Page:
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Working paper

On Greedy and Strategic Evaders in Sequential Interdiction Settings with Incomplete Information

Ketkov S.S., Prokopyev O.A.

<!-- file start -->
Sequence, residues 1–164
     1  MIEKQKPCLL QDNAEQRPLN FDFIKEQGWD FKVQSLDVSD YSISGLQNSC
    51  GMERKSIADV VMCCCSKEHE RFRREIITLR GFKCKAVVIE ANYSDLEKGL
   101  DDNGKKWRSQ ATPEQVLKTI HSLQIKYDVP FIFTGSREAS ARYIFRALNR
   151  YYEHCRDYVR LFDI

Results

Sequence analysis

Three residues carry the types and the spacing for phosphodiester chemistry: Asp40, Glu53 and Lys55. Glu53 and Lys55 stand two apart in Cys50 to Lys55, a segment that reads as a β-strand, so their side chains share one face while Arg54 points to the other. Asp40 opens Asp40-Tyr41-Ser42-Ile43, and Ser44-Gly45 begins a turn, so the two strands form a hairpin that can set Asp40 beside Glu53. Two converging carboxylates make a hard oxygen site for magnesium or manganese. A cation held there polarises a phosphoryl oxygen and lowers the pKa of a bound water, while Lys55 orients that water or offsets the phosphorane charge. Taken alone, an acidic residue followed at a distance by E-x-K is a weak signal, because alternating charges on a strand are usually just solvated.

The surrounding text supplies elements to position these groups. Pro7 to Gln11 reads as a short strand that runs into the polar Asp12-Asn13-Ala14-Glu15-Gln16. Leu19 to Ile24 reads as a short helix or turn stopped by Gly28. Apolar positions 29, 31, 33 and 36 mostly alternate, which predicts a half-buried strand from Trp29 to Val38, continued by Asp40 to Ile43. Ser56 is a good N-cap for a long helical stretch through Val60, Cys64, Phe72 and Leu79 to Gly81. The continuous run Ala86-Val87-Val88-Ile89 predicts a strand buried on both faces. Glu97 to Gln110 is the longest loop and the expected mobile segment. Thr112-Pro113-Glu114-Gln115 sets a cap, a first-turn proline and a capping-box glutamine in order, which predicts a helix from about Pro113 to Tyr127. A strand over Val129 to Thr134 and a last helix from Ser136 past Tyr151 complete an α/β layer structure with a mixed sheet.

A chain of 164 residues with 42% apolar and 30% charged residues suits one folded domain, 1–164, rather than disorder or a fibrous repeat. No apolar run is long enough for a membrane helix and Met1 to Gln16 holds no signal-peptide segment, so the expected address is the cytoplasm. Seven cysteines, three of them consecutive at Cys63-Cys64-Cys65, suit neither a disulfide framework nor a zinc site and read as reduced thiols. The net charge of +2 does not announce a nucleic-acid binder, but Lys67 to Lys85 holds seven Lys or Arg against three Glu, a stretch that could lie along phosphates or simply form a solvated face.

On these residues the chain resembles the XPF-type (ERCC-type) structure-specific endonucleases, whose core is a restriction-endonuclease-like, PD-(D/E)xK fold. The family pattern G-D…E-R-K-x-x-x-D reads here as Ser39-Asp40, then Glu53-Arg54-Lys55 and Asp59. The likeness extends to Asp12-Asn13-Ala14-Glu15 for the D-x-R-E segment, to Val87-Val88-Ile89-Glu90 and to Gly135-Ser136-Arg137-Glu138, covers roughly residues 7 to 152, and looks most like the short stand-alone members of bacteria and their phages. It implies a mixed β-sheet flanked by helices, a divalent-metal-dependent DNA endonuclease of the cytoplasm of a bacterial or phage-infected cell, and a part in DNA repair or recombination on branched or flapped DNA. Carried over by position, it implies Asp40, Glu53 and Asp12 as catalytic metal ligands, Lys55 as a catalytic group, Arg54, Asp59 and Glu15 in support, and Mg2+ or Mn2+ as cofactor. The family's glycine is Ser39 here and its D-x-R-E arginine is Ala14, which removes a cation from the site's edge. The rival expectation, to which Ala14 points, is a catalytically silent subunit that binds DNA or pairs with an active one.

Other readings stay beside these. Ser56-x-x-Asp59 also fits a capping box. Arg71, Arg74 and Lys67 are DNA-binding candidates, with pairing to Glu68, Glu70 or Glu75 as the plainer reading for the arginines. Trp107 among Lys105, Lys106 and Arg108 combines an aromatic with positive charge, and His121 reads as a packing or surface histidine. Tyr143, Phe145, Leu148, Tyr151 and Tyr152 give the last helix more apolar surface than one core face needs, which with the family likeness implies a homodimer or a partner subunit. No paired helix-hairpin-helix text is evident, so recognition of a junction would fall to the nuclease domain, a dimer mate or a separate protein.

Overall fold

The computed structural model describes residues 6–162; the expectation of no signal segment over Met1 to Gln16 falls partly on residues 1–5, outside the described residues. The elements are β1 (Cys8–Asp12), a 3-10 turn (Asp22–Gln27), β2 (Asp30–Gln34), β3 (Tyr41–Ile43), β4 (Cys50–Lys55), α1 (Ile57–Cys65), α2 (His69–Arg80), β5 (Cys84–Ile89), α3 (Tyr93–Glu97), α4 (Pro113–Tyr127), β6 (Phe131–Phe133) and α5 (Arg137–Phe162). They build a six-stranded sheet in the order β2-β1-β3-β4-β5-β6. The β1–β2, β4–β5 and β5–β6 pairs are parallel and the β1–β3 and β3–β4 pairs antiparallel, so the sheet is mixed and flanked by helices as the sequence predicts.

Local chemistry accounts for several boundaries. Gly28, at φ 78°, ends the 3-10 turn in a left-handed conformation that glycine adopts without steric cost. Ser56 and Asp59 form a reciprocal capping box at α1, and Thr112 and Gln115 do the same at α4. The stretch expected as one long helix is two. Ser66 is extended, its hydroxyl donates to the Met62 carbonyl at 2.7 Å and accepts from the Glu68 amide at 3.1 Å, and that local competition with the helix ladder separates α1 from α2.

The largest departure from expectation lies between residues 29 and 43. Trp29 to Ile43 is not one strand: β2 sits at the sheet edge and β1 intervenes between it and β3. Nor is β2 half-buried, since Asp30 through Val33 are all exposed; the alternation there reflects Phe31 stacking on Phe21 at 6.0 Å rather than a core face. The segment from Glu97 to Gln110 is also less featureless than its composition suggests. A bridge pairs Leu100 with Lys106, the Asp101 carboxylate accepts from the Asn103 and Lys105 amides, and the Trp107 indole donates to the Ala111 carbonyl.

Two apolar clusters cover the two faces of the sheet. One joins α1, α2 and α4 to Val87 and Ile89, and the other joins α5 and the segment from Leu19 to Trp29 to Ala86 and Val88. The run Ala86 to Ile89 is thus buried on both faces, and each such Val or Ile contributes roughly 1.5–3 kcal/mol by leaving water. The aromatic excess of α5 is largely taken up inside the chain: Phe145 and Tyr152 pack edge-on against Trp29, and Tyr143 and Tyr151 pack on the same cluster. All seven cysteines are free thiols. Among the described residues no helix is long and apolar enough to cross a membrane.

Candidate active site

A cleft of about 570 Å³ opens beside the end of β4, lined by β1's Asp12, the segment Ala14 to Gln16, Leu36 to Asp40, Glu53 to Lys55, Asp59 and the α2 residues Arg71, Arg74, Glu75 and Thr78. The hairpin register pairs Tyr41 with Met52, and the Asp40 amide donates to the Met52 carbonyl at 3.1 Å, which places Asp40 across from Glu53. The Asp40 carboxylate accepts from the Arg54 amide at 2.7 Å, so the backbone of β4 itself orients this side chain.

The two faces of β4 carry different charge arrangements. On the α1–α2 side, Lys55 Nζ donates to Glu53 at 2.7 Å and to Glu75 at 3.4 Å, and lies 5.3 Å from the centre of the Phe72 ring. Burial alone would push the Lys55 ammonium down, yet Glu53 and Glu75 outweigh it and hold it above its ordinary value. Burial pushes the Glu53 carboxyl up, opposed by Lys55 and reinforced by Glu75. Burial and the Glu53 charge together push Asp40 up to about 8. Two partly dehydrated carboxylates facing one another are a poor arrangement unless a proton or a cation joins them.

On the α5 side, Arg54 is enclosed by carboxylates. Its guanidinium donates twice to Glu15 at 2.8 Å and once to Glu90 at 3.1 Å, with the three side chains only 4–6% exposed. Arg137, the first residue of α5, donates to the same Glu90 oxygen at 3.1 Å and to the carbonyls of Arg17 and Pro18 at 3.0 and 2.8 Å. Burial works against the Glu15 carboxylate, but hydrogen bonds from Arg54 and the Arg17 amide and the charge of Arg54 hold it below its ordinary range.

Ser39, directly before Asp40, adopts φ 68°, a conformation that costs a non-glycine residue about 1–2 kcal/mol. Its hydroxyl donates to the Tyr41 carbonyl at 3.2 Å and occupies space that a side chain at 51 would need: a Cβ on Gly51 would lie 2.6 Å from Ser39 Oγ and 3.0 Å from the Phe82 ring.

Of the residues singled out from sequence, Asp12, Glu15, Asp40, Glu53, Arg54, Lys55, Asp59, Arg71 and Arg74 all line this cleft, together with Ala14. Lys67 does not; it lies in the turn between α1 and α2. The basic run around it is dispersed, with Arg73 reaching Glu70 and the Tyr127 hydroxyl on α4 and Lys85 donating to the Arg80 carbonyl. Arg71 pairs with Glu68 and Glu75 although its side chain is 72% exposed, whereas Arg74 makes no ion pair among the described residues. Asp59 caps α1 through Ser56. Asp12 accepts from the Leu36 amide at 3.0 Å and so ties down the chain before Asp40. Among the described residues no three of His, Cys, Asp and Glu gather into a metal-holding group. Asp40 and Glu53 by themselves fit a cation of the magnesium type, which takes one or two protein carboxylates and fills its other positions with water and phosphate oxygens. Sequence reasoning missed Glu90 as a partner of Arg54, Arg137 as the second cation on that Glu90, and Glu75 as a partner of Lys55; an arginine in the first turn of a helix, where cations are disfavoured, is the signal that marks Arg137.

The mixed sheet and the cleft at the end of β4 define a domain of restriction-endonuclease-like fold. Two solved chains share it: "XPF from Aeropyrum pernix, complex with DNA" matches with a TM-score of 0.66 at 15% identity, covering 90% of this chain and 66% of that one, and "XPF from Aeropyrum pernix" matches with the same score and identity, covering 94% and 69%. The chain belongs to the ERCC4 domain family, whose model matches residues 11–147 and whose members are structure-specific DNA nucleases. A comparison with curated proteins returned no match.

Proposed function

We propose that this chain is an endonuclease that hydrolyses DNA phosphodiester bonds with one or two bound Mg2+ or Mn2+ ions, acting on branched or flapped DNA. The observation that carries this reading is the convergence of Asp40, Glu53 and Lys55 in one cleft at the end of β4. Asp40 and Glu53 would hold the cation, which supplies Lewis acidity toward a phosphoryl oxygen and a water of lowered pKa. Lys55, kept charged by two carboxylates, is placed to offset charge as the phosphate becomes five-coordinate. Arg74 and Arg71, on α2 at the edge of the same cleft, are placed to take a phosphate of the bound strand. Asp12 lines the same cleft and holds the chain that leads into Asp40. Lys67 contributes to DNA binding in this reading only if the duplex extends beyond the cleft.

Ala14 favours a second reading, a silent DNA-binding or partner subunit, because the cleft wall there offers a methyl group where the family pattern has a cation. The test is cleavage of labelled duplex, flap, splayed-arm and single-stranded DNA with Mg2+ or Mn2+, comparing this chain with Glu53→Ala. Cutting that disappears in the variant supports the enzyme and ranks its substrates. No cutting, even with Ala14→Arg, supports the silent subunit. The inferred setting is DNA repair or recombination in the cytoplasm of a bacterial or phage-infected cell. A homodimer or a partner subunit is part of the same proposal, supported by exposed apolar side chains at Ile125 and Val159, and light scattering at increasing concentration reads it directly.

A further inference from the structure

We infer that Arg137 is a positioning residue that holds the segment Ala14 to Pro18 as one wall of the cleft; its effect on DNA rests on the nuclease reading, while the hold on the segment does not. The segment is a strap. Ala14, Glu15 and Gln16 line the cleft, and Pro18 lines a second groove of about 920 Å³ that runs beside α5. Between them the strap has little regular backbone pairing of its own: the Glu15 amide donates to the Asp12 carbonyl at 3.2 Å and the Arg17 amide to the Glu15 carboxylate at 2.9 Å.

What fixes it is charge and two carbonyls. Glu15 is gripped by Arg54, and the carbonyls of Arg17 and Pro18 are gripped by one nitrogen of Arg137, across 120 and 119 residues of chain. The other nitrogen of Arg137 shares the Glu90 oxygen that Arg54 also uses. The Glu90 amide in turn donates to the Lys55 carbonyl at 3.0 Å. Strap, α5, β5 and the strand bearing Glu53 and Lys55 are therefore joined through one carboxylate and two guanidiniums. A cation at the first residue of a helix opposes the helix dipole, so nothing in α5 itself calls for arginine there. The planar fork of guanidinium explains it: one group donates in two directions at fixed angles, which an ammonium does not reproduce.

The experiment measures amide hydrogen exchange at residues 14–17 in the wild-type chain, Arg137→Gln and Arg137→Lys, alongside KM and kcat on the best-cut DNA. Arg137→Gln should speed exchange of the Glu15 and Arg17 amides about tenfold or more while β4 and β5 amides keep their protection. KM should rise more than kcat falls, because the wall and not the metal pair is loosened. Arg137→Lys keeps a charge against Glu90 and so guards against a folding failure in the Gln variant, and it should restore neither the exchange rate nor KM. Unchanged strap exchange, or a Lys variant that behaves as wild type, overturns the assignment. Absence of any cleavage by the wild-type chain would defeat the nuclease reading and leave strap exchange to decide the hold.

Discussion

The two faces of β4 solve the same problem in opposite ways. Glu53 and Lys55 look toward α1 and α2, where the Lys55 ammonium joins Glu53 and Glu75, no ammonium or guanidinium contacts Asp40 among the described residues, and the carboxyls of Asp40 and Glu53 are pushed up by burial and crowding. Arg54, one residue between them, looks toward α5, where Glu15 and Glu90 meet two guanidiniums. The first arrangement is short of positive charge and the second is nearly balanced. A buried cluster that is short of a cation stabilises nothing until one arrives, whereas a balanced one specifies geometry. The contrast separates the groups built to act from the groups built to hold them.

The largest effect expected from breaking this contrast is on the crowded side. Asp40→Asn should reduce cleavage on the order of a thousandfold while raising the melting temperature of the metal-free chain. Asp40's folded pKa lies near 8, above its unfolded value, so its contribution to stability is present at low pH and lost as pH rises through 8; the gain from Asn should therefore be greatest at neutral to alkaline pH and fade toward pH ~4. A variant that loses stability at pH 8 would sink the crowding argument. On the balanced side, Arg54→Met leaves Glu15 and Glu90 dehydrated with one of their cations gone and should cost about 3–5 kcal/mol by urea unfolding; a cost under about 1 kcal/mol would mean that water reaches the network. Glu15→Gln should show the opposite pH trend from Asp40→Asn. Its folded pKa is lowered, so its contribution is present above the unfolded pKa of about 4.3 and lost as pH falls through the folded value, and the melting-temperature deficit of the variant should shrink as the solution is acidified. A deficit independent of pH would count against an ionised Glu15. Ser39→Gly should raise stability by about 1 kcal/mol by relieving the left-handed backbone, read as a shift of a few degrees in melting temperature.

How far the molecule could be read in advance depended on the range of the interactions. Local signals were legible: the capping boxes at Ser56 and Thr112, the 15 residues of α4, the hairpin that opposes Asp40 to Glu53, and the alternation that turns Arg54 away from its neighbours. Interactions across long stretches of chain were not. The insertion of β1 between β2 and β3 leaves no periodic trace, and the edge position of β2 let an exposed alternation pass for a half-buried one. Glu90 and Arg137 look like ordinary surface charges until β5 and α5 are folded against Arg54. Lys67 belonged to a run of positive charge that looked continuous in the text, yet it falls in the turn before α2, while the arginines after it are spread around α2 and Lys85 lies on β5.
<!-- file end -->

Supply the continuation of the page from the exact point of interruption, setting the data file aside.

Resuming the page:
We consider a class of sequential interdiction settings where the interdictor has incomplete initial information about the network while the evader has complete knowledge of the network, including its structure and arc costs. In each time period, the interdictor can block at most k arcs known to him for the duration of the period. By observing the evader's actions, the interdictor learns about the network structure and costs and thus, can adjust his actions in subsequent time periods. It is known from the literature that if the evader is greedy (i.e., she uses the shortest available path in every time period), then under some assumptions on the the feedback generated from the evader's actions, the greedy interdiction policies that block k-most vital arcs in each time period are efficient and have a finite regret. In this paper, we consider the evader's perspective and explore strategic evasion policies under the assumption that the interdictor is greedy. In particular, we show that the evader's problem is NP-hard even for two time periods. Then we derive constructive properties of optimal evasion policies for two time periods when the interdictor has no initial information about the network structure. Based on these theoretical observations, we design a heuristic algorithm for a strategic evader in a general setting with an arbitrary time horizon and any initial information available to the interdictor initially. Finally, our computational experiments demonstrate that the proposed heuristic consistently outperforms the greedy evasion policy on several classes of synthetic network instances.